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Major Yahoo investor tells Microsoft to up bid

Yahoo Inc's second-biggest shareholder urged Microsoft to raise its billion bid for the Web pioneer and warned Yahoo it has few options other than to accept.
/ Source: Reuters

Yahoo Inc's second-biggest shareholder urged Microsoft Corp to raise its $44.6 billion bid for the Web pioneer and warned Yahoo it has few options other than to accept, raising pressure for them to seal a deal.

In a quarterly letter to investors released on Tuesday, Bill Miller, the star stock-picker at U.S. asset manager Legg Mason Inc, estimated fair value for Yahoo to be near $40 per share, versus Microsoft's original offer of $31 per share.

Microsoft "will need to enhance its offer if it wants to complete a deal," Miller wrote in a letter dated February 10, one day before Yahoo formally rejected Microsoft's proposal for the company.

"It will be hard for (Yahoo) to come up with alternatives that deliver more value than (Microsoft) will ultimately be willing to pay," wrote Miller. "We think this deal is a strategic imperative for (Microsoft) and that (Yahoo) is in a tough spot if it wishes to remain independent."

Miller is the first major institutional Yahoo shareholder to publicly comment on Microsoft's unsolicited bid.

Institutional shareholders hold about 75 percent of Yahoo's stock, according to Reuters data, versus 10 percent for company insiders, including co-founders David Filo and Jerry Yang.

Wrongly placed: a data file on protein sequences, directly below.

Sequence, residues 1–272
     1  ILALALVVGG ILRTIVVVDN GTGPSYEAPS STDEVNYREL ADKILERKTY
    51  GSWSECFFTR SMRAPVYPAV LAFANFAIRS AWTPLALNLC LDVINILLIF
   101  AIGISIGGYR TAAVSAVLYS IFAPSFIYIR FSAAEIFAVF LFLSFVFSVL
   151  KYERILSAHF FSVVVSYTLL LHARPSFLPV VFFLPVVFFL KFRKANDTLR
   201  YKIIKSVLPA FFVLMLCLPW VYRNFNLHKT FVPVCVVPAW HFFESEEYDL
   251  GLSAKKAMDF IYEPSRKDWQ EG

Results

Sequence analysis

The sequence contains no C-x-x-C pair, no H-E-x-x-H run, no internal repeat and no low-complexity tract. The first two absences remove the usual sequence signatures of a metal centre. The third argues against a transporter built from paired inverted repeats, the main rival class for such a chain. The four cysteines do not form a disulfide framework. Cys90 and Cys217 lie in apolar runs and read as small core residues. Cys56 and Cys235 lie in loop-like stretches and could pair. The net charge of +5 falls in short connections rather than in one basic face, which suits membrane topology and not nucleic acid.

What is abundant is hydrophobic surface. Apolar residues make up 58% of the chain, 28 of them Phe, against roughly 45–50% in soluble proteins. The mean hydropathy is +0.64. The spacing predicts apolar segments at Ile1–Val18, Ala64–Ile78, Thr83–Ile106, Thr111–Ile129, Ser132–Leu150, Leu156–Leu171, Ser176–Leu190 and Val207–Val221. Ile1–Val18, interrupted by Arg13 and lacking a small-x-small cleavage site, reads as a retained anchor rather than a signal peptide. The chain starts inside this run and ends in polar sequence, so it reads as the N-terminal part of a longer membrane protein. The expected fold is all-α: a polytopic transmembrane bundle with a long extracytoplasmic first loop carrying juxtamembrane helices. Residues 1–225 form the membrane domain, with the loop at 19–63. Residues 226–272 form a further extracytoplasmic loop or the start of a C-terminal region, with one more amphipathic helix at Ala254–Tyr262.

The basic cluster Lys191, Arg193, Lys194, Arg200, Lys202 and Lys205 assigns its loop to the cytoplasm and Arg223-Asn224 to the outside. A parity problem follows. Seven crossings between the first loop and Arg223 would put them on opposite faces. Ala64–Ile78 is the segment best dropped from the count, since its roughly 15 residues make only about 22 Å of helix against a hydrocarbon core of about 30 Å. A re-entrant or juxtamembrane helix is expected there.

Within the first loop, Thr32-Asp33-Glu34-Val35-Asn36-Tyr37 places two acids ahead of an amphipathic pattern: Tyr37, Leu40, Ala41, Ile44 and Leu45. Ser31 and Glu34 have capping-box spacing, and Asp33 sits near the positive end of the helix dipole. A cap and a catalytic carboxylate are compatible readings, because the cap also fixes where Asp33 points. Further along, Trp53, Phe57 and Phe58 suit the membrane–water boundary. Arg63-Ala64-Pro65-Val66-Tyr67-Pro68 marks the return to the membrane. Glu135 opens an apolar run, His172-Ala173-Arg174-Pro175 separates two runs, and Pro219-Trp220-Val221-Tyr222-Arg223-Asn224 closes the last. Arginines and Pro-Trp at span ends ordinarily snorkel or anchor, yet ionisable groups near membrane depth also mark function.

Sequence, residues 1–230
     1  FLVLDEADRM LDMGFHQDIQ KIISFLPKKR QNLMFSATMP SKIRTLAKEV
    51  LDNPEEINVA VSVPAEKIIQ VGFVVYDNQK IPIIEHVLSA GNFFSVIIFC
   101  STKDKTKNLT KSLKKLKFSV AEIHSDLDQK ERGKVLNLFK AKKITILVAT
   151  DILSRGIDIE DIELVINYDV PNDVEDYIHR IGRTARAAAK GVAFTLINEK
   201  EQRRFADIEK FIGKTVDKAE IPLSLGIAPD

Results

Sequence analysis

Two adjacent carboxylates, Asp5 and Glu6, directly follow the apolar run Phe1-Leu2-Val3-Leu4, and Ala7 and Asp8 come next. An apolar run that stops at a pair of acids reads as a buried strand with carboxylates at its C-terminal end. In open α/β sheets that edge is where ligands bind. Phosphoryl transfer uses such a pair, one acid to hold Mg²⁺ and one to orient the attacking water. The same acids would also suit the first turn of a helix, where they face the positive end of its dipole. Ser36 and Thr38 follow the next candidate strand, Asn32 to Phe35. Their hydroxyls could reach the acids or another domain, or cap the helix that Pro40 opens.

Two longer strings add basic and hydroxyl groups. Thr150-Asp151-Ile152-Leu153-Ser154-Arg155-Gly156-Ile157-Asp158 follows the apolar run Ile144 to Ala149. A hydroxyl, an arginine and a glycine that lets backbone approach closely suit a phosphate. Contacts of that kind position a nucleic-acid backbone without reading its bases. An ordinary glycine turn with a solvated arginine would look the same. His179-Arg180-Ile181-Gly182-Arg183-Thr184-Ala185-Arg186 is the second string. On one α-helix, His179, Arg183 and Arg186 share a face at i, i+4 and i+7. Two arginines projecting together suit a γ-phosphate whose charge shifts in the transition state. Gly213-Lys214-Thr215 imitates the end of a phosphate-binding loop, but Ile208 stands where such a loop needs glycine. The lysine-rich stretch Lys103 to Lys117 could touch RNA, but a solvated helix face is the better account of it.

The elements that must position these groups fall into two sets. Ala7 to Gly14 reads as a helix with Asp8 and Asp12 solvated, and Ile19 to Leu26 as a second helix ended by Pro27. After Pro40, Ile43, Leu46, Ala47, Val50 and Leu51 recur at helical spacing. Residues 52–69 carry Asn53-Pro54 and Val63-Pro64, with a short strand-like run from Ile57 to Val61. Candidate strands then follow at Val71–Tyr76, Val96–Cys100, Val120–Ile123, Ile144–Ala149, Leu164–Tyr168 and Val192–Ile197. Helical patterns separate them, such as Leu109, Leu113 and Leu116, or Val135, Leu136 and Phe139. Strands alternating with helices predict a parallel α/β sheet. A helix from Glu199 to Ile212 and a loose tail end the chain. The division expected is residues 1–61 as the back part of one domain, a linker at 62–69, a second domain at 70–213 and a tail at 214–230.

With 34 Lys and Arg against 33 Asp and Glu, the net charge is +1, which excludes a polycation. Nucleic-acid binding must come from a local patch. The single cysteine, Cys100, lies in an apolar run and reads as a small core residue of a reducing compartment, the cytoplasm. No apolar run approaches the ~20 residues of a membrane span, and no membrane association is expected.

Legg Mason Capital Management, the unit of Legg Mason headed by Miller, owns over 80 million shares of Yahoo, or a 6 percent stake in the company, trailing only Capital Research & Management's 11 percent holding.

Yahoo on Monday turned down Microsoft's bid, currently valued at $44.6 billion, saying it did not properly assess the value of Yahoo's wide-reaching audience, online advertising investments, cash-generating ability and growth prospects of its overseas holdings.

Microsoft responded by saying its offer was "full and fair," but stopped short of saying it would not raise its price.

Redmond, Washington-based Microsoft also said it reserved the right "to pursue all necessary steps" without specifying if it plans to take its bid straight to Yahoo shareholders.

Analysts expect Microsoft to raise its bid to at least $35 a share, but could be persuaded to go as high as $40.

Yahoo shares are now trading at a 2 percent premium to Microsoft's cash-and-stock deal, indicating that investors are expecting Microsoft to raise its bid.

Legg Mason's Miller noted that Yahoo shares had been trading at a four-year low prior to Microsoft's offer and the stock was trading above Microsoft's bid price for all of 2004.

Yahoo shares fell 30 cents, or 1.0 percent, to $29.57 on the Nasdaq. Microsoft shares rose 13 cents to $28.34.

Yahoo continues to lose Web search market share to Google Inc. Last month, it disappointed Wall Street with its 2008 revenue outlook as it promised to cut jobs and invest more in online advertising work.

According to employees at the Sunnyvale, California-based company, Yahoo began carrying out those lay-offs of up to 1,000 employees on Tuesday. A Yahoo spokeswoman declined to comment.

Citigroup issued a research note on Tuesday saying the most likely scenario, with a 55 percent probability, was that Microsoft will offer a higher bid to clinch a deal with Yahoo.

"Given the likely lack of alternative bidders, (Yahoo's) limited strategic options, and our view that buying (Yahoo) may be (Microsoft's) ONLY game changing option in Online Advertising, we believe this is the most likely scenario," Citigroup analysts said.

The second most probable scenario with a 30 percent chance, according to Citigroup, is that Yahoo remains independent and outsources its search to Google.